Unlike fellow dancer Louis Douglas, who was already popular in Europe, Baker was relatively unknown when she came to Paris in 1925. After two noteworthy appearances in music hall revues, she was chosen for the cast of La Revue Nègre. Although Paul Colin would later claim that he had persuaded the directors to feature Baker in the Revue instead of blues singer Maud de Forrest, she had already been engaged as the star before leaving America. However, he did introduce her to the haute société and the artistic elite of Paris. Baker enchanted a host of writers and artists, including Georges Simenon, Ernest Hemingway, Gertrude Stein, Pablo Picasso, Georges Rouault, Alexander Calder, and architect Adolf Loos, to name a few.
The Parisian fascination with black culture, which peaked with the jazz era and the Roaring Twenties, was inspired by a complex web of cultural influences. Following Picasso's so-called discovery of African sculpture around 1906, l'art nègre became a dominant force in many avant garde circles, as artists perceived in non-Western art forms a pure and intuitive creative impulse, in contrast to the over-refined artifice they deplored in Western European art.
In the performing arts, the folie noire was an outgrowth of the nineteenth-century minstrel shows in the bohemian nightclubs of Montmartre. Around the turn of the century, Parisians enjoyed ragtime and danced to cakewalk music. During the First World War, jazz rhythms were imported by regimental bands and other groups touring in France. The advent of radio in the early twenties brought a greater vogue for American jazz, and it soon prevailed throughout the fashionable nightclubs and dance halls of the capital. New Orleans musician Sidney Bechet was among these early jazz disciples, playing in Paris several years before his appearance with the Revue Nègre.
The success of the 1923 ballet The Creation of the World-which incorporated African creation stories, a musical score with jazz overtones, and Fernand Léger's sets and costumes derived from African art-was a precursor to the more popular Revue Nègre of 1925. Both were produced by Rolf de Maré at the Théâtre des Champs-Élysées and culminated in the reign of Josephine Baker. In the words of dance critic André Levinson, she was a "sinuous idol that enslaves and incites mankind." After only a few weeks in Paris, Baker was appearing in fashionable nightclubs as one of the most sought-after entertainers. At a gala celebration for the monumental Art Deco exposition of 1925, "La Baker" was featured as the guest artist. She followed the famous ballerina Anna Pavlova-who had danced during the appetizer-with a tantalizing performance during the main course.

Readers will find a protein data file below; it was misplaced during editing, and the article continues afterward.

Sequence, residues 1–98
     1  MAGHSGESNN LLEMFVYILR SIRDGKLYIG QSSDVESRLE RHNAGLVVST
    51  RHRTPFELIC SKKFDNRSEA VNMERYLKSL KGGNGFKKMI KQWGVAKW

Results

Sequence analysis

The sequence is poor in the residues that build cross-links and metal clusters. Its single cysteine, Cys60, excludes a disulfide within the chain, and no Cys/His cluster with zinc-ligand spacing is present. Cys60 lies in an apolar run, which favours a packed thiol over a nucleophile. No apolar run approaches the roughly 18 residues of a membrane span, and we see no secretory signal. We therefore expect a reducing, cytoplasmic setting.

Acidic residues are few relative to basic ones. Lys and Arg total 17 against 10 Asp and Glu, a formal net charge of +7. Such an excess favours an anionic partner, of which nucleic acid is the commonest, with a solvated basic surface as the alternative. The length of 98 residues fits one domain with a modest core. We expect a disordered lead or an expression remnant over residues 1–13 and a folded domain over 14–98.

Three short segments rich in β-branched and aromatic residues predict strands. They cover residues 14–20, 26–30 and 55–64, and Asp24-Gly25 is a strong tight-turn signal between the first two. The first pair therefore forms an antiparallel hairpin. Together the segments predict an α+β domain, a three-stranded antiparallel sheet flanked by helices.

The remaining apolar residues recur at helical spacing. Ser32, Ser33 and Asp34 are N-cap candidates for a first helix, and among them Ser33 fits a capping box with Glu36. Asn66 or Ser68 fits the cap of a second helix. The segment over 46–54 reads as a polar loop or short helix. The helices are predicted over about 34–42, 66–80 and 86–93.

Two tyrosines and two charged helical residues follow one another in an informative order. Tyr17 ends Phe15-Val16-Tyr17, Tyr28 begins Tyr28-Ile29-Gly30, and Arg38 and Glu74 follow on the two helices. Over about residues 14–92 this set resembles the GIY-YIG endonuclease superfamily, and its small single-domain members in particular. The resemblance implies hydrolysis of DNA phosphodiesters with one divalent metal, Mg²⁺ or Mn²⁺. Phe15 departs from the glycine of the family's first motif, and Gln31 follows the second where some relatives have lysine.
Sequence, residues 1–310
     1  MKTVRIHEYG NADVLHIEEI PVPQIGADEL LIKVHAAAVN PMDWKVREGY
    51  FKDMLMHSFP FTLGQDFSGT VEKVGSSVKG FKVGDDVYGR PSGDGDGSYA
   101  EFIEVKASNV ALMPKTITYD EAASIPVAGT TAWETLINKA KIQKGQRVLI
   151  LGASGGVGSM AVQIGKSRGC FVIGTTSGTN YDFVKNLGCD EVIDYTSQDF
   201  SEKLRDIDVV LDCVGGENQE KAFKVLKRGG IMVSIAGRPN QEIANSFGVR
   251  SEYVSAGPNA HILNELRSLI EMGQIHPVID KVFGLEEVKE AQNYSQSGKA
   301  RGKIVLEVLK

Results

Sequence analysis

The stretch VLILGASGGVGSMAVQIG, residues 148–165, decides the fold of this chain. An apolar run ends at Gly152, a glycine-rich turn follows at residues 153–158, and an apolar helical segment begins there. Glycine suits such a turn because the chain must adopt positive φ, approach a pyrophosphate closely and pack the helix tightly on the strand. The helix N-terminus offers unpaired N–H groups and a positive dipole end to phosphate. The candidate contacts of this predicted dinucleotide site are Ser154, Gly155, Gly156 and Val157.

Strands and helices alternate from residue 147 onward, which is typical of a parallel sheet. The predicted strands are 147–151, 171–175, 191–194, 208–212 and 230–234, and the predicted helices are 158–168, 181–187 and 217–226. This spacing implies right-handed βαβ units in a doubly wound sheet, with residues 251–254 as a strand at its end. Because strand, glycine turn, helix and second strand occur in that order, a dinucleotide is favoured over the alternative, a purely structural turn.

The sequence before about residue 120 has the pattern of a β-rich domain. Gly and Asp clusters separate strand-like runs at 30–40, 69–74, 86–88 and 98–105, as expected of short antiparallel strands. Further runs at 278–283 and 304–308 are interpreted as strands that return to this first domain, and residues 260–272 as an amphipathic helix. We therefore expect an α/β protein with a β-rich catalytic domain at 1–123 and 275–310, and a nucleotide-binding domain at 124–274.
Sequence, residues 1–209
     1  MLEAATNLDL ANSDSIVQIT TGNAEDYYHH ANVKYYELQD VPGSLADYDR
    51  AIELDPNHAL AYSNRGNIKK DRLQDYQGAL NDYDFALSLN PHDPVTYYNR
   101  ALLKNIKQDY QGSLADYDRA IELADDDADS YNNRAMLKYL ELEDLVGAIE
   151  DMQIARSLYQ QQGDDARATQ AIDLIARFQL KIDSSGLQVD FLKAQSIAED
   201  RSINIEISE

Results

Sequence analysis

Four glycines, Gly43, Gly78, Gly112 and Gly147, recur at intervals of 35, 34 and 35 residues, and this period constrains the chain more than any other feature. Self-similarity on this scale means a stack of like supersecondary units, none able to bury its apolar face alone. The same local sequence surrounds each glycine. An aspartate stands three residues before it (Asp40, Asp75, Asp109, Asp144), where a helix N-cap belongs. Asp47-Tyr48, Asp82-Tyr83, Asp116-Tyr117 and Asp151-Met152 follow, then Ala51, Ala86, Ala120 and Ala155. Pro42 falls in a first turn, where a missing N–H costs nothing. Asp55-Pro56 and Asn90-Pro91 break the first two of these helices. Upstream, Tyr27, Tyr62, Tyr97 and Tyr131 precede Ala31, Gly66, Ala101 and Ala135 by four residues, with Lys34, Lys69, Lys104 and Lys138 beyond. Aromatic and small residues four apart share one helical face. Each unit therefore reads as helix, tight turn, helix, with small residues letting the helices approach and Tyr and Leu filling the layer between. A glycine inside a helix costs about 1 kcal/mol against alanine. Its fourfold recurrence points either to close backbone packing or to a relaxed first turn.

The Parisian infatuation with the Charleston is described in Baker's humorous anecdote, "Topic of the Day," which she wrote specifically for Paul Collin's portfolio. She adopted Florenz Ziegfeld's famous quote, "It's getting darker and darker in old Broadway," to relate to similar developments in Paris since the arrival of the Revue Nègre. In her later Mémoires, Baker was more critical of the Parisians' attempts at refining the Charleston. She insisted on more abandon, with "hips pressed together, one foot crossing the other, sticking out the behind and shaking your hands about. For too long people have hidden their behinds: they exist, I see no reason to be ashamed of them."
Josephine Baker lived the rest of her life in France. Over the next two decades, she made numerous world tours, starred in several films, and recorded songs that she had made famous, such as "J'ai deux amours." Although she retired for a few years in the 1950s with her "rainbow tribe" of adopted children, Baker maintained a rigorous performance schedule. Still adored by fans worldwide, she made her final triumphant appearance on the Paris stage at the age of sixty-nine.
Le Tumulte Noir captures the spirit of uninhibited expression that Josephine Baker embodied throughout her remarkable career. Paul Colin's unique tribute to the African American entertainers who brought the jazz age to Paris not only celebrates Josephine Baker, but also the French love affair with the Charleston and jazz music, and the monumental impact of these artists on French popular culture during the 1920s.
LuLen Walker, Department of Prints and Drawings